In patients with idiopathic pulmonary fibrosis (IPF), airway-soluble colony-stimulating factor-1 receptor (CSF1R) can play a role in predicting disease progression, according to findings from a single-center, retrospective study published in ERJ Open Research.
To date, 2 antifibrotic treatments—pirfenidone and nintedanib—have demonstrated efficacy in slowing the progression of IPF; however, neither agent has the ability to halt or reverse the fibrogenesis associated with the disorder. An urgent unmet clinical need exists for the development of more effective therapies for IPF and the identification of potential biomarkers.
Recently, the CSF1-CSF1R pathway has surfaced as a therapeutic target in patients with IPF, with higher concentrations of CSF1 in serum and bronchoalveolar lavage (BAL) fluid from patients with the disease compared with controls. In fact, CSF1R may be activated by interleukin-34 (IL-34), which is a structurally unrelated ligand. IL-34 and CSF1 actually have distinct sequence homology and tissue expression, as well as many nonredundant roles.
Recognizing that the role played by the CSF1-CSF1R axis in IPF remains to be elucidated, the researchers sought to establish whether plasma and BAL levels of CSF1, CSF1R, and IL-34 are linked to IPF, and whether these levels may serve as biomarkers of mortality from IPF.
Read more about experimental therapies for patients with IPF
Participants were diagnosed with IPF via multidisciplinary team discussion in accordance with current international guidelines. All healthy volunteers comprised individuals with no history of lung disease or infection in the prior 6 months. The mean age of the study cohort was 71.5 years. Overall, 62% of those in the study were male.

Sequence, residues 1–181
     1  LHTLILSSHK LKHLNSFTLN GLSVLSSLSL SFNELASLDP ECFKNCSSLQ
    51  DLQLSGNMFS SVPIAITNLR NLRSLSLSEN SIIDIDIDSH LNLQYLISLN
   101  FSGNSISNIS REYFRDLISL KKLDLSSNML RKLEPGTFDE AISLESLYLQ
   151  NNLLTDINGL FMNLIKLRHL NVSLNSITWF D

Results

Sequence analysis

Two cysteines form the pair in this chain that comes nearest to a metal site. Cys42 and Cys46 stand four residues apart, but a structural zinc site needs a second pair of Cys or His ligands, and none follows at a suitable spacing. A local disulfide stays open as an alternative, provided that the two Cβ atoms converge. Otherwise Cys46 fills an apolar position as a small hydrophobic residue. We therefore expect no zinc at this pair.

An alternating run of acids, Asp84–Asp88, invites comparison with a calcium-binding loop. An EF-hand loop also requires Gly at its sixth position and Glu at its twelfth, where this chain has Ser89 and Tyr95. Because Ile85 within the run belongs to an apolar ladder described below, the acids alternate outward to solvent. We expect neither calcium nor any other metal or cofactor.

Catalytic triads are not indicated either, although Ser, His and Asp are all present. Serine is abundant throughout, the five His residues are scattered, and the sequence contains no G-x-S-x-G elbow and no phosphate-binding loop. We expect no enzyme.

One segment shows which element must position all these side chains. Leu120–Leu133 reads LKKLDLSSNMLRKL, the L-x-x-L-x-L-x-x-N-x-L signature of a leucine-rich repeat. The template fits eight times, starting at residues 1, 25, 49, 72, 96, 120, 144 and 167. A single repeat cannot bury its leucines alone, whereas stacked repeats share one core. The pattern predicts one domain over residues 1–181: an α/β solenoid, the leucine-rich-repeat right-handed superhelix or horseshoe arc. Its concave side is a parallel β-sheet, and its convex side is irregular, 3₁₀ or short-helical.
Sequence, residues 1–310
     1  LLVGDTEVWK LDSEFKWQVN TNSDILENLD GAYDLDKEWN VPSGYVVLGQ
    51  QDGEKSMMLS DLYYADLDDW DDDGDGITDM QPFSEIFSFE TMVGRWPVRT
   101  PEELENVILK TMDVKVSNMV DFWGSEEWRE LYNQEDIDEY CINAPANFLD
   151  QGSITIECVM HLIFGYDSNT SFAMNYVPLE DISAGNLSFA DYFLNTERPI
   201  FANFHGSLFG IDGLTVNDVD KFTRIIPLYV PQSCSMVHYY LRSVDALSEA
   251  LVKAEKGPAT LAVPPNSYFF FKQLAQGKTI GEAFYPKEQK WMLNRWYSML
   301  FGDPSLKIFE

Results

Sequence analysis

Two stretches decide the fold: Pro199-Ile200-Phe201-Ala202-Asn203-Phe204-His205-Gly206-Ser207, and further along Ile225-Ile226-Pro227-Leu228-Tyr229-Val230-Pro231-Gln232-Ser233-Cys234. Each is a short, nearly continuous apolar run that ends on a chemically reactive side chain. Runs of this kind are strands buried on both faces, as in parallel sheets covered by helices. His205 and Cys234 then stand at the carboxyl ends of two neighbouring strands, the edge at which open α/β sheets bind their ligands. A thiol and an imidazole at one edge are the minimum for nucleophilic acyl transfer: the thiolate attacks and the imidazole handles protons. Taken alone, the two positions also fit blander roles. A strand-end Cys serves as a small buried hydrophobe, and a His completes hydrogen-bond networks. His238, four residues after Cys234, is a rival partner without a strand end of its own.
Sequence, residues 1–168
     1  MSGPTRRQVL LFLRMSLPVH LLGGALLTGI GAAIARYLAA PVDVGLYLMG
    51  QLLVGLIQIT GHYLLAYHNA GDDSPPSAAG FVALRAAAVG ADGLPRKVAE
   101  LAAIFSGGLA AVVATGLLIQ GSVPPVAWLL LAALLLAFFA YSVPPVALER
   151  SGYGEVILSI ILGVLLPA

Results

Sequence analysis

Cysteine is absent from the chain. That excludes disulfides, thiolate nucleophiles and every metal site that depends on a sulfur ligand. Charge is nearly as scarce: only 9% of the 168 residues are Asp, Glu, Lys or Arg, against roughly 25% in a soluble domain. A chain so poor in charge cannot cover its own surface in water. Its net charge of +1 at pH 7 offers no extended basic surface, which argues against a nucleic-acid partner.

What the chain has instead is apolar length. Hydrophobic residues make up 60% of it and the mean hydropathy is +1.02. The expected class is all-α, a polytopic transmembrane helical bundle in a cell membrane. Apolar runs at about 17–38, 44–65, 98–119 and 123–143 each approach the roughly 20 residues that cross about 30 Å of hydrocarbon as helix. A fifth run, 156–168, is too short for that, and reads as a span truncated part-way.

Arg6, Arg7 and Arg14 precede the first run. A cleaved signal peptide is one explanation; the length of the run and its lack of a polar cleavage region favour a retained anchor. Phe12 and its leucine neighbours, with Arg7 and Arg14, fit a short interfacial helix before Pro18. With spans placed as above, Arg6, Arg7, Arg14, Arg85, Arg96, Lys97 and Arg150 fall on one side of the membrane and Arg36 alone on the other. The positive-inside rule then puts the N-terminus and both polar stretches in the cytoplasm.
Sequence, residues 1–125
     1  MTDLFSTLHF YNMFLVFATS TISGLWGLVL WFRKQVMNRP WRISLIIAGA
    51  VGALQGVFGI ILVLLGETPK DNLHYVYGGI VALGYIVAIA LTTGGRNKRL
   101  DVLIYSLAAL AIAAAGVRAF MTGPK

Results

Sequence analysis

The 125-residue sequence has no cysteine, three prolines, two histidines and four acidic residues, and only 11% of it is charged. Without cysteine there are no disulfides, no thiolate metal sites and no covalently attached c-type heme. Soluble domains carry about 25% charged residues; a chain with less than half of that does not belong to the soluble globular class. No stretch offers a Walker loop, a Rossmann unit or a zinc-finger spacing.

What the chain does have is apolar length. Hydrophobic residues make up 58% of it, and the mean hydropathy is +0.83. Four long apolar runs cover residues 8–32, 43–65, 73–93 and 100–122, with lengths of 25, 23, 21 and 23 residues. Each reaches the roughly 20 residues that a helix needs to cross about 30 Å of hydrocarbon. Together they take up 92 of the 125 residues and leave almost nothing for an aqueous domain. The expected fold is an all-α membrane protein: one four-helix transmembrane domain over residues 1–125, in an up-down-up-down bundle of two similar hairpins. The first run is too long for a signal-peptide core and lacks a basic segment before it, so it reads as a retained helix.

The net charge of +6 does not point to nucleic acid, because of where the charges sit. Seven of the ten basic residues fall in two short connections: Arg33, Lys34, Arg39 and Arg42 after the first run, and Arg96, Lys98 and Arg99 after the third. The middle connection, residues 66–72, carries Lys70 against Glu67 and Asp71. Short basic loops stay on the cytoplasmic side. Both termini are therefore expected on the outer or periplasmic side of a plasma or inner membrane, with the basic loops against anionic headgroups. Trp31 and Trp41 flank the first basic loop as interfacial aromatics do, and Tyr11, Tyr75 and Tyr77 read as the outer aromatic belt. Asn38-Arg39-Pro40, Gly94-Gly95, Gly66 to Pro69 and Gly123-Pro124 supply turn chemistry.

Study results revealed that IL-34 and CSF1 were undetectable in the plasma from most participants. Plasma CSF1R, however, was detectable in all participants, with the levels similar and thus not statistically significant between individuals with IPF and controls (227.79±181.14 ng/mL vs 175.10±96.34 ng/mL, respectively; P =.68).
Although all 3 proteins—CSF1, CSF1R, and IL-34—could be detected in BAL, statistically significantly higher levels of CSF1 and CSF1R were seen among patients with IPF than among controls:
- CSF1: 42.65±48.42 pg/mL vs 18.94±17.15 pg/mL, respectively; P =.04
- CSF1R: 1.98±1.13 ng/mL vs 1.16±0.83 ng/mL; P =.001
Of note, CSF1R concentrations in human BAL fluid were approximately 100-fold lower than plasma concentrations among all participants, whereas CSF1 concentrations were approximately 10-fold higher in human BAL vs plasma. Further, “IL-34 levels were at or below the lower level of the assay performance.”
Based on outcome analysis, BAL sCSF1R level was associated with an elevated risk for mortality (hazard ratio, 1.63; 95% CI, 0.97-2.74; P =.064). In fact, those individuals with a CSF1R level above the median had a significantly worse 3-year survival than those with a CSF1R level below the median (P =.02).
Among 58 individuals for whom progression data could be collected, progressors exhibited a significantly higher mean BAL CSF1R concentration than did nonprogressors (2.12±1.32 vs 1.75±0.94, respectively; P =.28).
“Our study provides, to our knowledge, the first evidence [of] a role [for] airway sCSF1R in IPF,” the authors noted. “Additional research is needed to validate these findings and determine how sCSF1R levels can inform clinical decision-making in IPF,” they concluded.
Oldham JM, Johnson KW, Albers GJ, et al. Airway soluble CSF1R predicts progression in patients with idiopathic pulmonary fibrosis. ERJ Open Res. Published online July 17, 2023. doi:10.1183/23120541.00690-2022